Environmental researchers have made it clear that climate change will affect the world’s poorest more severely, and more imminently, than those of us in the more developed Western world. It is a particularly unpleasant reality of climate change—that those societies that have emitted the most greenhouse gases are not going to be the ones to bear the brunt of its destabilizing effects.
What is often missed in these analyses and forecasts however, is the fact that women make up more than half of the world’s impoverished population. Which means, generally speaking, that women will be more affected by climate change than men in coming decades.
The majority of these women work on the land, and are providers of food and water for their families. These practices are disrupted by obstructed access to natural resources caused by climatic changes—leaving women more susceptible to food insecurity than men, who are more able to work, and eat, outside the home.
It’s also worth noting the distinct vulnerability of women with respect to natural disasters, the regularity of which climate change is predicted to exacerbate. A particularly sobering model for this was the Indian Ocean tsunami of 2004, after which an average of 77% of the fatalities recorded were women, some of whom drowned as a result of not being taught how to swim.
In addition, studies have shown that women are at increasingly greater risk of gender-based violence due to higher temperatures, and shortages of natural resources. When women are less able to fulfill their duties as managers of the household, they are more vulnerable to domestic violence, and in the aftermath of disasters there has been a marked increase in the rates of sexual and domestic abuse towards women.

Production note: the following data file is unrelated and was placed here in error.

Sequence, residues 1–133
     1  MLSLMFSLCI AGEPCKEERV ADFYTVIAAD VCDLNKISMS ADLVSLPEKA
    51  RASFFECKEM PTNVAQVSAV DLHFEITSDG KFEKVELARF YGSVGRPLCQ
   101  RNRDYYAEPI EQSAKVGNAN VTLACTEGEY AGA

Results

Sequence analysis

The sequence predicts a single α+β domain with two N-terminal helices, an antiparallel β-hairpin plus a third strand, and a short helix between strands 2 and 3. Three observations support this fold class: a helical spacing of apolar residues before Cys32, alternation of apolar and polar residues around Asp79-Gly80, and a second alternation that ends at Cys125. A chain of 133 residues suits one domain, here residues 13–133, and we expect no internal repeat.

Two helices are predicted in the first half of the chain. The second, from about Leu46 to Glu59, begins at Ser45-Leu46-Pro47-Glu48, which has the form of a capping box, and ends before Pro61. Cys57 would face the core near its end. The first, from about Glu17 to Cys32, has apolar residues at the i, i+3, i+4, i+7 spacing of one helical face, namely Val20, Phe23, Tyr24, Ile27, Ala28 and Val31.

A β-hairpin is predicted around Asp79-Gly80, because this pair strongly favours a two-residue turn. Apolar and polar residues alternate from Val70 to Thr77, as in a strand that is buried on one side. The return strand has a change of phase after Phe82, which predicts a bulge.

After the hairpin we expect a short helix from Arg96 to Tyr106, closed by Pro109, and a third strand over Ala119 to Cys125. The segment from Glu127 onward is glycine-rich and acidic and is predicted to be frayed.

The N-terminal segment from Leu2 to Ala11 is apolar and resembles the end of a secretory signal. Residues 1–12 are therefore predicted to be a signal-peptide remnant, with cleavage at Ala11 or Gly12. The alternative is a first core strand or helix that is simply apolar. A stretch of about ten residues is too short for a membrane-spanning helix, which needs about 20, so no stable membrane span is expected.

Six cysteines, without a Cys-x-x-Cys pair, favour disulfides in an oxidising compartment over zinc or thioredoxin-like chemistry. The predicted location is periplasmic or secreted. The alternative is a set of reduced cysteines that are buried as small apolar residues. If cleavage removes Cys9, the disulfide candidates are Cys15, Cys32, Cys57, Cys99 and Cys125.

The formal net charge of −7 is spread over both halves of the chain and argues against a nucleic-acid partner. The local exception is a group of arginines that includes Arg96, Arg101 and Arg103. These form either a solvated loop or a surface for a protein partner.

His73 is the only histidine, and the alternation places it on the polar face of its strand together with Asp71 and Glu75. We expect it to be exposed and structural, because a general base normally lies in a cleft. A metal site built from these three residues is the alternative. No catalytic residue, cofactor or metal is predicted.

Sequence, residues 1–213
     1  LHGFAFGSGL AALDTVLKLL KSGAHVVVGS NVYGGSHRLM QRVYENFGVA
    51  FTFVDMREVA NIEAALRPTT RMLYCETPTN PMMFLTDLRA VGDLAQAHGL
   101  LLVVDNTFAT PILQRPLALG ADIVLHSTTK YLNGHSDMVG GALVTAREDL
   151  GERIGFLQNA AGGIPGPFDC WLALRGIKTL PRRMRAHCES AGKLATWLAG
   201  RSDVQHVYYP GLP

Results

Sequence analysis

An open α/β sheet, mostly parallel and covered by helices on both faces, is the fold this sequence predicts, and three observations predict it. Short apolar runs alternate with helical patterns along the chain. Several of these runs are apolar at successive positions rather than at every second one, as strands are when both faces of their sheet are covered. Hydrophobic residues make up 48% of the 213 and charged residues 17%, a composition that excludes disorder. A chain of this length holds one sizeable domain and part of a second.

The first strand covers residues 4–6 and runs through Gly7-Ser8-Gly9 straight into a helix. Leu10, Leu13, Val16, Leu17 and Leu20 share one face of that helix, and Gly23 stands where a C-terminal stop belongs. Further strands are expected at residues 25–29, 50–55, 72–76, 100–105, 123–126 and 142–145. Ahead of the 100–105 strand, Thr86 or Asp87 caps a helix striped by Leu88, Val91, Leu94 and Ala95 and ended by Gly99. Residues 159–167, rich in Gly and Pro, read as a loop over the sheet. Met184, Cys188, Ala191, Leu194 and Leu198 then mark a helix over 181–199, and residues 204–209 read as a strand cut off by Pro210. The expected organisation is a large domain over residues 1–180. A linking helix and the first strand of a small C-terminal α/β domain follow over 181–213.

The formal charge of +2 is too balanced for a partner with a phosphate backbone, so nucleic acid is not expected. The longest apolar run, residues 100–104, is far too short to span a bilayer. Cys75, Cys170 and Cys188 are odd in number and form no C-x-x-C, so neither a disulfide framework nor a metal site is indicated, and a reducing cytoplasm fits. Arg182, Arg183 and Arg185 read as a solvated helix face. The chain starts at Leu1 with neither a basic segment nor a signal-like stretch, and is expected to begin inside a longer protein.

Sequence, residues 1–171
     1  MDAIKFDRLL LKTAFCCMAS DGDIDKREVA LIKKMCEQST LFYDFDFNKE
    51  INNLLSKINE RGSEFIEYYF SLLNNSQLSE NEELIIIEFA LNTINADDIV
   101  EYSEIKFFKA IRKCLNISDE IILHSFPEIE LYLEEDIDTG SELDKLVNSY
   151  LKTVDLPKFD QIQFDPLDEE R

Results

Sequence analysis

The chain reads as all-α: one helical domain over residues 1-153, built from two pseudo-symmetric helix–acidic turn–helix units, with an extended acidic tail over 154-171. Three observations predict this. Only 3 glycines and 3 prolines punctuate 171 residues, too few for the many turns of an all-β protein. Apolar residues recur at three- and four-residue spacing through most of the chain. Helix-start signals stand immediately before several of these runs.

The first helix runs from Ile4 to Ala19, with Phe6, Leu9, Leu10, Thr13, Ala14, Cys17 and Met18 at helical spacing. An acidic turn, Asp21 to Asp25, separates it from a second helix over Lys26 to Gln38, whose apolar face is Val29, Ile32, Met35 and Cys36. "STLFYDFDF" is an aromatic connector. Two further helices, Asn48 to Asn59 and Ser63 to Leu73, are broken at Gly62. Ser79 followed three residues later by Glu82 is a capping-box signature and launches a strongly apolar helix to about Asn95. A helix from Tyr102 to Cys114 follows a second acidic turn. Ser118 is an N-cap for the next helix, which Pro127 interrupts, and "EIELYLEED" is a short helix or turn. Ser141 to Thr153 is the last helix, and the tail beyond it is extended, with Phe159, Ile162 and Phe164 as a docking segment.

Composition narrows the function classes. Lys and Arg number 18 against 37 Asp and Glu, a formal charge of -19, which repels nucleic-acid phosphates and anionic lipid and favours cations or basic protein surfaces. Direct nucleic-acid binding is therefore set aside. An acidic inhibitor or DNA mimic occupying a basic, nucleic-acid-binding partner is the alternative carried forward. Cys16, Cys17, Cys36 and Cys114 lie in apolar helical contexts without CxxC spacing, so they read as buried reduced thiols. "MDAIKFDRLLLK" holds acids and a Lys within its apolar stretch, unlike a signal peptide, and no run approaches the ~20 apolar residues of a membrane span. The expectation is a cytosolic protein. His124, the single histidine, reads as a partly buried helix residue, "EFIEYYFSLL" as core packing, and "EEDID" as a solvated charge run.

This is not to say though that women in the developing world should be seen primarily as victims of climate change. There are countless examples of women in the world’s poorest communities who have recognized their specific vulnerabilities in these instances, and subsequently taken action, challenging restrictive gender norms in the process. In Senegal, for example, climate change has caused farming conditions to worsen. A number of Senegalese women have taken advantage of opportunities to generate earnings outside of the home, by selling goods in local markets, where they can.
In central Mexico, where heavy drought has begun to affect the growth of subsistence crops, local farming women have pooled their knowledge of edible weeds, which are free to pick regardless of land rights, in order to fend off hunger. Their profound knowledge of the natural landscape helps fellow farmers determine which plants are more likely to thrive in increasingly dry conditions, which can replace unadaptive crops as environmental conditions deteriorate.
In Tanzania, women are responsible for collecting firewood for household-energy production. In recent years, they’ve begun to notice the effects of deforestation around their homes, including a deterioration of soil conditions. As a result, a number of communities began tree planting initiatives spearheaded by women, and have been building and using more fuel-efficient stoves in order to reduce their need for firewood.
While these small-scale adaptation measures are encouraging, on a broader scale, there has yet to be widespread recognition that gender considerations are an integral part of any and all areas of climate-change research and policy. For example, on the United Nations Framework Convention on Climate Change website, of the 7,839 documents searchable, there are only 30 results returned for the keyword “gender,” and even fewer for the keyword “women.”
There is hope however for the future, and for the UN Climate Change Conference being held in Paris at the end of this year. Indeed, Laurent Fabius, the incoming president of the conference, appears to have recognized the importance of integrating gender considerations into climate change policies, stating simply that, “Combating climate change means fighting for women’s rights.”